Strange returns to McIlroy’s corner ahead of Grand Slam bid

Bernie McGuire

Rory McIlroy (Photo by Mike Ehrmann/Getty Images)

Golf legend Curtis Strange has again stepped forward to back the state of Rory McIlroy’s game just six days to the Masters.

Strange, a winner of two US Opens, played in 20 Masters with a best finish of joint runner-up in 1985 to Bernhard Langer. Now as an analyst for ESPN, Strange is one of the more astute observers working for the US TV networks.

Eight years ago, a week out from the Masters, Strange spoke-up for McIlroy when he was being criticised by Nick Faldo and Johnny Miller for overhauling his equipment heading into Augusta. Strange, again just prior to the 2019 Masters, was also full of praise for McIlroy after winning the Players Championship; a win that was huge for McIlroy to take into the Masters. And now Strange is working again in fending off the McIlroy knockers.


“With Rory’s ability, he is one swing thought away from shooting 65 every day and I don’t think he’s that far off,” said Strange.

“It seems like to me he went after distance. He’s admitted that. It messed him up a little bit. Now he’s got to go back. How long it takes him to get back to a comfort zone, only he knows, and maybe he doesn’t know.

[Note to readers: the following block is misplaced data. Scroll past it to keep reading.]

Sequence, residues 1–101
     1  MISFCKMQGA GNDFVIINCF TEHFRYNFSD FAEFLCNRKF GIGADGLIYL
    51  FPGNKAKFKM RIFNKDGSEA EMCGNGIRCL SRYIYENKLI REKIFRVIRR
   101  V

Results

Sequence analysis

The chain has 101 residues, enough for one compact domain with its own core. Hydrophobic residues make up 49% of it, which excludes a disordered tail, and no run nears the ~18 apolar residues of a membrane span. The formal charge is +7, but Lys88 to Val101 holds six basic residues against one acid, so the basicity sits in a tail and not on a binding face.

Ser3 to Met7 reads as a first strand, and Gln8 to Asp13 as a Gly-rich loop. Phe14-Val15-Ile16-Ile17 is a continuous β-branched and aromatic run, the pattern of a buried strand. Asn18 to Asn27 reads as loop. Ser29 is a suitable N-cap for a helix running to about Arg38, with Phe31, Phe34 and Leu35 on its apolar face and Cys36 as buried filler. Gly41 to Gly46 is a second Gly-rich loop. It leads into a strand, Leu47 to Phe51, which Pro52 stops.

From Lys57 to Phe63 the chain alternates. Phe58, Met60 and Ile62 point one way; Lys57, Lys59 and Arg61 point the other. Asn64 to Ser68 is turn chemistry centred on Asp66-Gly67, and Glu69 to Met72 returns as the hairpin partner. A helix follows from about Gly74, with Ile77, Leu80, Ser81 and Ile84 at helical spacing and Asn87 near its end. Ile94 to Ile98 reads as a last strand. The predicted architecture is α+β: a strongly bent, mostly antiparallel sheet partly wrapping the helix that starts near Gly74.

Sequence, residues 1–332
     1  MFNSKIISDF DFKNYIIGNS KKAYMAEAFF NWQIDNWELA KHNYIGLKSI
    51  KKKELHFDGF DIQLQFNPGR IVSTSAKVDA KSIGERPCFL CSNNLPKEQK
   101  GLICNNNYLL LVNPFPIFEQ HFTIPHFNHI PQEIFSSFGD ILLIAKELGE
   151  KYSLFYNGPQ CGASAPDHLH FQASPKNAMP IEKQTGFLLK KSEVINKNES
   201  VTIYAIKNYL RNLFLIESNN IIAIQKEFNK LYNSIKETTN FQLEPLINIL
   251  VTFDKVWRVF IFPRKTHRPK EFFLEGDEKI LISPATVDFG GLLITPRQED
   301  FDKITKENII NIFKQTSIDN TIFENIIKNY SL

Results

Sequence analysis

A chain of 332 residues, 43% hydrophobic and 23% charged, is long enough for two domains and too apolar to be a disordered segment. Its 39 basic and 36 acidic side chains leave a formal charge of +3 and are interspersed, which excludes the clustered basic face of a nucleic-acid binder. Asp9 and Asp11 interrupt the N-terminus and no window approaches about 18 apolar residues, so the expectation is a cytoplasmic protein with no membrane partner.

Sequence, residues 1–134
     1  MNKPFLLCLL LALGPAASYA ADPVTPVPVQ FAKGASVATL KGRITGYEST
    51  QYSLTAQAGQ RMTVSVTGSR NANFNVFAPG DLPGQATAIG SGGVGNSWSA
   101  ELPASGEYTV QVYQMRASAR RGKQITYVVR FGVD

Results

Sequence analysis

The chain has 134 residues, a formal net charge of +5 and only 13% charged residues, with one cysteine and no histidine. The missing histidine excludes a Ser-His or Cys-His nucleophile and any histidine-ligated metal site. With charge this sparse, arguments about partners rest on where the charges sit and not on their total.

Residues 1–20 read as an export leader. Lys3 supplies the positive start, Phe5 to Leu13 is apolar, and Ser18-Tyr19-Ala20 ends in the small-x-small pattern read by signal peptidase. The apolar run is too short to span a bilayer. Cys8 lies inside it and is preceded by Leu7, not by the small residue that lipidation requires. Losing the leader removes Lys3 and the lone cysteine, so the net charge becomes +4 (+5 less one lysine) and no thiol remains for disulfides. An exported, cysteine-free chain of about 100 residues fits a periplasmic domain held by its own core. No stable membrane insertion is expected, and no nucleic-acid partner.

“Currently, he’s only hitting 57 percent of the fairways. He’s 148th on tour. That’s enough said. At Augusta National, the margins for hitting the greens from the middle of the fairway are tough enough when they get firm and fast. From wayward angles and a little bit of rough makes the margins even much, much tougher than an ordinary golf course.

“Rory’s got to drive a little bit better, although statistically he’s never been a good driver with the golf ball. Augusta fits his game. He’s so talented. It’s amazing to me that he hasn’t won here yet. I certainly expect him to, but this year, he’s going to have to find something quickly, to be quite honest with you.”

And while the 66-year-old Strange has been a good PR spokesperson for McIlroy, there is one question he has raised and it’s been McIlroy’s confessed move in trying to emulate Bryson DeChambeau’s power game.

“Why did he chase something that may not have been necessary, distance?” added Strange.

“You’ve got to remember Rory is 5’10”, 165, and he’s chasing a guy, potentially DeChambeau, who’s out there doing this experiment, who’s 6’1″, 240. So that in itself seems kind of odd to me. Rory was plenty long enough, plenty capable, and really, quite frankly, has a whole helluva lot more talent than most people on tour. So why?”


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